Skip to main content

Search form

     

Heathwood Hall

You are here

Middle School Day of Empowerment Helps Students Succeed in the Classroom and Beyond

Monday, November 26, 2018

On November 20, four guest speakers spent the morning with Heathwood's Middle Schoolers, talking about some of the key challenges adolescents face and how to navigate them successfully.

"As we work to address all aspects of growing middle schoolers," said Middle School Head Suzanne Nagy, "we wanted to touch on different developmental spaces - empowering them to know that they mean a great deal to us, that they can have a voice, they can plan, set goals, and make things happen, and that they have much responsibility to grow into good people who affect change in the world. They have power."

Comedian Michael Goodwin spoke to students about three ways to use humor for good in middle school, being mindful of how humor can effect others.

--Be Light - Laugh with people, not at them. Lift people up. It is ok to think something funny and not say it.

--Be relatable - Bring everyone on board. Avoid inside jokes.

--Be humble - Have no desire to mock, to belittle, or to embarrass.

Brett Brown with SASS self-defense taught all the girls in the Middle School to find that inner beast to have outer calm and confidence to stay safe. She taught them to think, to use their voices, and strategies to get out of tough situations. In this case, knowledge equals courage.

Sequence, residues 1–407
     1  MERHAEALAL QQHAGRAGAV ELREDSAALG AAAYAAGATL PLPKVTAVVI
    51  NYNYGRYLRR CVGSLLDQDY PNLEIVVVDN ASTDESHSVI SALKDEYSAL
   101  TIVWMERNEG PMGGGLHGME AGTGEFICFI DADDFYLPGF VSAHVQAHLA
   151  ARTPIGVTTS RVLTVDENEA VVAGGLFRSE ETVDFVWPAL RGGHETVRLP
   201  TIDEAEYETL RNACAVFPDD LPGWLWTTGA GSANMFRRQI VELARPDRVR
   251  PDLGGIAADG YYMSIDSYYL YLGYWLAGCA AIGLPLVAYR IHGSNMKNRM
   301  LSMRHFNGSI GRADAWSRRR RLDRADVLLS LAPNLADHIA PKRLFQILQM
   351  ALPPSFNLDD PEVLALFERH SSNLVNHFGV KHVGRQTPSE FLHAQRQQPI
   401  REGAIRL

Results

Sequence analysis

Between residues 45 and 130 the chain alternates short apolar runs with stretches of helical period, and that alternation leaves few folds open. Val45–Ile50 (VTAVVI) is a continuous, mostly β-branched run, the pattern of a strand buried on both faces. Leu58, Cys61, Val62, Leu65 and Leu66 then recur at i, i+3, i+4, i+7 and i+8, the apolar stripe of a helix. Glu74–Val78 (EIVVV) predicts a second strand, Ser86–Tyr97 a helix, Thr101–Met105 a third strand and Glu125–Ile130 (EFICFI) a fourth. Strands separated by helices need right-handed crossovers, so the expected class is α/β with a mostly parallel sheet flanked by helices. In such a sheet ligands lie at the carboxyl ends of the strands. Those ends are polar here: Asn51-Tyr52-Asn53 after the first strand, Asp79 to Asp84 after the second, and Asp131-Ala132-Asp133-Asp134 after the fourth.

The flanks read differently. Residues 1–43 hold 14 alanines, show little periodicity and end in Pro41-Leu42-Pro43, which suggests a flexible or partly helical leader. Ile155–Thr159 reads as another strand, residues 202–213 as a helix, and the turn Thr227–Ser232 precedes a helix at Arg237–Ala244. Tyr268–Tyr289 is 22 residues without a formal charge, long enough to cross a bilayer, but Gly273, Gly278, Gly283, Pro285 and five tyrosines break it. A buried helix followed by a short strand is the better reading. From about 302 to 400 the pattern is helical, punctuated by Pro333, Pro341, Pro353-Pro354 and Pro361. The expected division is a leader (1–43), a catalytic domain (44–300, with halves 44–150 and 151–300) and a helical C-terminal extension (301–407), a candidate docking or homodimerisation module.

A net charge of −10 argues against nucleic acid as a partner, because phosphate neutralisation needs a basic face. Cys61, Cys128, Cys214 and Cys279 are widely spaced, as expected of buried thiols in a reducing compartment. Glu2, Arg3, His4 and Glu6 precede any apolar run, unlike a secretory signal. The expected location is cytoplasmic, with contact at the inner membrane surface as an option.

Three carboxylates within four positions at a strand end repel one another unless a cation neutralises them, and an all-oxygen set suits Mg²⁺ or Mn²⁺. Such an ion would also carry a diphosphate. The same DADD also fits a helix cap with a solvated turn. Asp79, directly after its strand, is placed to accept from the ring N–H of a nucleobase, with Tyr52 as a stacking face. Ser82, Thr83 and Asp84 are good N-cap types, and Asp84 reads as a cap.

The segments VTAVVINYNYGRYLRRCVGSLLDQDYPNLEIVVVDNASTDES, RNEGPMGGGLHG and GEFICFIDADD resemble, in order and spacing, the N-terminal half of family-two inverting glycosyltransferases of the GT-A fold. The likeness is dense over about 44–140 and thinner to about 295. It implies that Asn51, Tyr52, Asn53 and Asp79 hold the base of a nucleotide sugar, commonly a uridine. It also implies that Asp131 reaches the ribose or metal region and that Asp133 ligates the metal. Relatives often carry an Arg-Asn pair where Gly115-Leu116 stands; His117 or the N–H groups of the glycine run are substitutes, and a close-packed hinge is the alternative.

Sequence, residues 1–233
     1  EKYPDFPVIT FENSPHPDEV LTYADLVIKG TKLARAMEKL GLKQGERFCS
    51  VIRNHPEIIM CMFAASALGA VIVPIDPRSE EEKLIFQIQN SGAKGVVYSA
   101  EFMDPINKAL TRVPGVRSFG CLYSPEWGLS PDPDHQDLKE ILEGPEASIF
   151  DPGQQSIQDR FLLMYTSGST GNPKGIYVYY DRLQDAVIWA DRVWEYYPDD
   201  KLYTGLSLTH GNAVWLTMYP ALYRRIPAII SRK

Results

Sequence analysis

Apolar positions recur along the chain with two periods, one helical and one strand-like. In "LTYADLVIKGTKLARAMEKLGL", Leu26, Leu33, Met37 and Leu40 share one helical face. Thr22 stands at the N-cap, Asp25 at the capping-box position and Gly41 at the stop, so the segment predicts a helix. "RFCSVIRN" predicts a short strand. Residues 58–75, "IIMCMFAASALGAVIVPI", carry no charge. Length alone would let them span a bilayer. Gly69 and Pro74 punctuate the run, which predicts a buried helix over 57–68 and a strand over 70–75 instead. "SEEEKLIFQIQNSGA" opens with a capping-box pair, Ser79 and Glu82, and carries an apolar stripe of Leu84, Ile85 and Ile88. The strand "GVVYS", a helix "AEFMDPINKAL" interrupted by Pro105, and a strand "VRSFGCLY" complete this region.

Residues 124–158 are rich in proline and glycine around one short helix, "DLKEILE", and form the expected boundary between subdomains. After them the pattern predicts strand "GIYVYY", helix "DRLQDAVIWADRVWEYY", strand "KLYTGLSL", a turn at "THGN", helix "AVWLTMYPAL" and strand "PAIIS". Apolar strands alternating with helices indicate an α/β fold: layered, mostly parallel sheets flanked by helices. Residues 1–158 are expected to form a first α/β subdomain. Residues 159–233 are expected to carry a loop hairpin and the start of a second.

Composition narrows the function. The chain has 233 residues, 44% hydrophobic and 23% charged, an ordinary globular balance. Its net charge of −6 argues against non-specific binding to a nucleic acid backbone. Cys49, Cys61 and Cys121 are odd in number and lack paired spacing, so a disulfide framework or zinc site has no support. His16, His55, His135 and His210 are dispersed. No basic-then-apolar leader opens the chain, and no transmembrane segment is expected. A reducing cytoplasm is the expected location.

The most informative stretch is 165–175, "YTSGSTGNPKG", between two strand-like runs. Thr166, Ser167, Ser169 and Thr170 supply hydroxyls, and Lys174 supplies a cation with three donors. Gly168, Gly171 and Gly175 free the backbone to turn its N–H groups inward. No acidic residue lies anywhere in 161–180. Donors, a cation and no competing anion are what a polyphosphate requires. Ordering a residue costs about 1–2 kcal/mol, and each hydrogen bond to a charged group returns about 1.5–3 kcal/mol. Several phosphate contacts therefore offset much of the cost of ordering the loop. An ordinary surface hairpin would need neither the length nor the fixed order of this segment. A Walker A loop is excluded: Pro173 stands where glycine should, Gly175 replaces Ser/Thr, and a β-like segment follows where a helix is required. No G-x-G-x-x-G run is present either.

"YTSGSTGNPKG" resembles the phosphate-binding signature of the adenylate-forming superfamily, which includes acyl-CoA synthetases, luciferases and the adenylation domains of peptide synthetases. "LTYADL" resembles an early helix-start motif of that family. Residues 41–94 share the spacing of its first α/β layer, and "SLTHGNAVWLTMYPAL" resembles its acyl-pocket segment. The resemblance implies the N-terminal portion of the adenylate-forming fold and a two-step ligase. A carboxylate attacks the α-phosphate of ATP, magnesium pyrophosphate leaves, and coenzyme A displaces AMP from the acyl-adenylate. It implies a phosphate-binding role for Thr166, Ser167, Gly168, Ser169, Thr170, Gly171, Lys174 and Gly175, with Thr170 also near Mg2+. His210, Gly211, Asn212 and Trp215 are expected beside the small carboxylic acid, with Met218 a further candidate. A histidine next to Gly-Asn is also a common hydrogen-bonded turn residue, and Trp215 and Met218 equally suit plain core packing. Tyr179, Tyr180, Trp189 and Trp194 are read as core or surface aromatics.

Stephen Splawn empowered all the boys in the Middle School to rely on others and to be ever aware that people know what you show. He spoke about the transition from being a boy, growing into a man. 

Attorney Eric Norton spoke about technology and the law, focusing heavily on Fortnight, online gaming, and safety. 

Each grade finished the morning with The Kindness Diaries, a Netflix series. 

"We know there is great anxiety in the world for this generation fueled by high expectations and the pressure of social media," said Mrs. Nagy. "We know all of that. We want to move our focus now to teaching resilience. It is through experiences, the thoughts of others, self-awareness, and gratitude that we are able to teach great resilience. Our kids are amazing."